A) I always thought that when a player gets inducted into the HOF, off the field exploits are off limits, and they don’t have any thing to do with getting in. If this is the case, why is it different when it comes to having your name on the WOF?

B) Um, OJ Simpson is still on the Wall of Fame and his run-ins with the law came well after his playing days in Buffalo (Like Bennett).

C) I think the reason why Bennett isn’t on the Wall has to do with him being kind of a d#$k to the local media during his playing days (Ask Sully). Keep in mind, some members of the media have a say as to who goes on the WOF. If Bennett was a nice guy, he’d be on the Wall of Fame.

Here’s the deal on Bennett, I think he’s one of the most underrated players from the Super Bowl era for the Bills. Like Talley, Bennett was a diverse player, who could do it all, but only better than Talley could. For his career, Bennett had 71.5 sacks, made the pro bowl five times (which happens to be more than Jim Kelly, and tied with Thurman Thomas for appearances), and played in five Super Bowls (4 with the Bills and 1 with the Falcons). I have kind of a soft spot for Bennett because I think he had one of the greatest years ever for a Bills defensive player. In 1991, the Bills were snake-bitten with the injury bug on defense. Bruce Smith only played a handful of games and wasn’t at a 100% during the year. Jeff Wright was also knocked out of the line-up for 8 weeks. With injuries along the front line, Bennett turned up his game. On the season, he had 9 sacks to go along with 109 tackles. I know the stats don’t look that impressive, but Marv Levy once said that Bennett’s 1991 season was one of the greatest he had ever seen by a defensive player.

2) Eric Moulds: I honestly could make the case that at his prime, Eric Moulds was a better wide receiver than Andre Reed. Here are a couple of factors: His yardage total for his best 3 seasons (98′, 00′, 02′) surpassed that of Andre Reed’s totals. His 94 catches in 2000 and 100 catches in 2002, are better than Andre’s best two seasons. Now, I know some will say that both eras were different, as Moulds played during the apex of a pass happy league, while Reed was just leaving it when things got real good. However, eras withstanding, Moulds best three seasons came with Doug Flutie, Rob Johnson and Drew Bledsoe throwing him the football. Not exactly Jim Kelly for 10 years there. He also played with 8 different starting QBs, 3 of them who never started a NFL game (Losman, Todd Collins and Alex Van Pelt), a QB who would always get hurt (Rob Johnson), and like 2 or 3 QB controversies. The longest he played under one QB was Drew Bledsoe, and that QB/WR combo was together for only three seasons. However, even though his QBs were mediocre, Moulds still had the stats to back his game up. This is something that Lee Evans can’t say. If Moulds had played with Peyton Manning, he’d be in the top five in every statistical category for wideouts. Bank on it! Back to the Reed comparison, besides the difference in quarterbacks, Moulds never had near the same supporting cast as Reed did. Thurman Thomas will never get confused with Jonathan Linton or Antowain Smith. Will Wolford and Howard Ballard won’t get confused with Mike Williams and John Fina.  To me, Moulds is the best player the Bills have had in the last 15 years.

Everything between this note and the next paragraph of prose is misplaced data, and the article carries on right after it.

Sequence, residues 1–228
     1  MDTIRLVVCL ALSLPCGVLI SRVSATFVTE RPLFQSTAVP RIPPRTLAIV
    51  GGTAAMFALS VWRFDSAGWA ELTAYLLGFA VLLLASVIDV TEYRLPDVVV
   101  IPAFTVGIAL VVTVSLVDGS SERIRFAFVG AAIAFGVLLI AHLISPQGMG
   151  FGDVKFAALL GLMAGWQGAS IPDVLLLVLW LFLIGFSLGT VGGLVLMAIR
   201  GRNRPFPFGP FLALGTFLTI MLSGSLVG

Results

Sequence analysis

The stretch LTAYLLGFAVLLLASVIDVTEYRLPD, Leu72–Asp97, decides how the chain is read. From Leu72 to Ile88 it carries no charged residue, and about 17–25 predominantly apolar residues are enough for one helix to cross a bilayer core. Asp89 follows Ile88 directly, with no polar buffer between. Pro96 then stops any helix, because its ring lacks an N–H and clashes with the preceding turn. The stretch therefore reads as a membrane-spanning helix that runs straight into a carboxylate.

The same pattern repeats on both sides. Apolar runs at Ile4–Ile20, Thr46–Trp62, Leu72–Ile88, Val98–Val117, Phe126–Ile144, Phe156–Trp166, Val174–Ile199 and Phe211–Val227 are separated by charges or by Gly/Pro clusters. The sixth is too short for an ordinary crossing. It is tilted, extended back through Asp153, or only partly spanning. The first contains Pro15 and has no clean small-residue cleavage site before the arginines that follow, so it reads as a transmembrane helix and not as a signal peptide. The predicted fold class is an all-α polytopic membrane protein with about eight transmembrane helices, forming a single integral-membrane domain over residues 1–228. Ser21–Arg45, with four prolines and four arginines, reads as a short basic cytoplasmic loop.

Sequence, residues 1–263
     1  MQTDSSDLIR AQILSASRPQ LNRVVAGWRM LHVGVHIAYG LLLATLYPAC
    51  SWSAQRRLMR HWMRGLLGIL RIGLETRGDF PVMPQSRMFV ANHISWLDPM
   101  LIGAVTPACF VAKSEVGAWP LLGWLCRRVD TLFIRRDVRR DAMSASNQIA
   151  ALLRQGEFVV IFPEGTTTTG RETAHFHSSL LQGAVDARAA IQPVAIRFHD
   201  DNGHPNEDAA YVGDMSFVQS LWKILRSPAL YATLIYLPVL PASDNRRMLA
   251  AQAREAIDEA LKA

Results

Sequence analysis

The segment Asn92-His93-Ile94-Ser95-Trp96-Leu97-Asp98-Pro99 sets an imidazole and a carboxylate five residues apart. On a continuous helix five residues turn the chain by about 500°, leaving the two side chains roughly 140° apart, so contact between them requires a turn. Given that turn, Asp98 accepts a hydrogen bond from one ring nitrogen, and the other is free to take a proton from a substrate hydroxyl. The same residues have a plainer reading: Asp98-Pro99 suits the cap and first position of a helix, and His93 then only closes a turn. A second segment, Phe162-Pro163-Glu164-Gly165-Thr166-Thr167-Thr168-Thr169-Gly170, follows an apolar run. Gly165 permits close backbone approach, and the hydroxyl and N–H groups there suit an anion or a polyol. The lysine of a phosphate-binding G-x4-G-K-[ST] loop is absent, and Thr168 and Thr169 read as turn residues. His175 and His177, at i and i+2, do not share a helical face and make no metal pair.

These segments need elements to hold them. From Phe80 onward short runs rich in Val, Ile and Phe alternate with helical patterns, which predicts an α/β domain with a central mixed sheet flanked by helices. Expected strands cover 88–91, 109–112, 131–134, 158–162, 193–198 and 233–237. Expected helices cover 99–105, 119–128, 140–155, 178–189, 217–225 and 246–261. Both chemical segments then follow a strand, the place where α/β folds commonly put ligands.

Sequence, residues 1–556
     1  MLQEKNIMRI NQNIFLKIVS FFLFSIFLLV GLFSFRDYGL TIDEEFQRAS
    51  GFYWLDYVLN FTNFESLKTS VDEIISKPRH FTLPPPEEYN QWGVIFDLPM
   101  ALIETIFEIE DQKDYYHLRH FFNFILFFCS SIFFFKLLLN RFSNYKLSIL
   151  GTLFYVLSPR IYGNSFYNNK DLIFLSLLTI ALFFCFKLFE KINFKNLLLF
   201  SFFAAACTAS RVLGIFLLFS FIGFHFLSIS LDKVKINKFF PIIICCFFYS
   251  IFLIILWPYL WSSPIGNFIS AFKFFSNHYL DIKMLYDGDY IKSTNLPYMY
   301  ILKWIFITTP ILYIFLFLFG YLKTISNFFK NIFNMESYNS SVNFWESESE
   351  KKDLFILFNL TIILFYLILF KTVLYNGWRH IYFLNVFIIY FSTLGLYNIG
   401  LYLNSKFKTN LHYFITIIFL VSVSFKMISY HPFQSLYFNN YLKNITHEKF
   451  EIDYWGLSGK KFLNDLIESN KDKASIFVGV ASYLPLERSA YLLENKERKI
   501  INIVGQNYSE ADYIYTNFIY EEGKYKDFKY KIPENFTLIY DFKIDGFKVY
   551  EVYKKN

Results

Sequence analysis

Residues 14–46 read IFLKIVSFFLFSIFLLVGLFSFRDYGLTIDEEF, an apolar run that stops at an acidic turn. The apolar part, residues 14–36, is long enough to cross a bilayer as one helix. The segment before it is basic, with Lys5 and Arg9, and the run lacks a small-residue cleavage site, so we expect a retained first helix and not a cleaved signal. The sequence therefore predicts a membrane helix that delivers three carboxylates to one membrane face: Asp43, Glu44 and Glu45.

1) Bill Polian: Yes, if we had a flying Delorean, we all know that we would go back in time and stop Ralph Wilson from firing Bill Polian. We’d do anything, from punching Ralph in the face (Ala Biff) to kissing our own damn mom (Marty McFly smooching with Loraine McFly). We all know the rumors about what happened. Polian had a hot temper and didn’t see eye to eye with the Bills organization. The big rumor seems to be that he didn’t get along with Ralph’s daughter. I mean, she did help draft Carlton Bailey, so obviously, Ralph had no other choice (sarcasm). Anyways, we all know that Polian was one of the architects to go along with John Butler, AJ Smith and Buddy Nix, who created the Bills dynasty. Talk about an all-star level front office. From the Bennett trade to the drafting of Thurman Thomas to being a part of the front office that drafted Bruce Smith and Andre Reed, Polian should be recognized for his efforts. No offense to John Butler, but when he took over the franchise, he never really drafted any impact players besides Ruben Brown and Sam Cowart. From 93-99, the core of this football team were still the players who Polian brought in. Polian will go down as the best GM in Bills history and without him, the Bills aren’t the AFC team of the 90’s.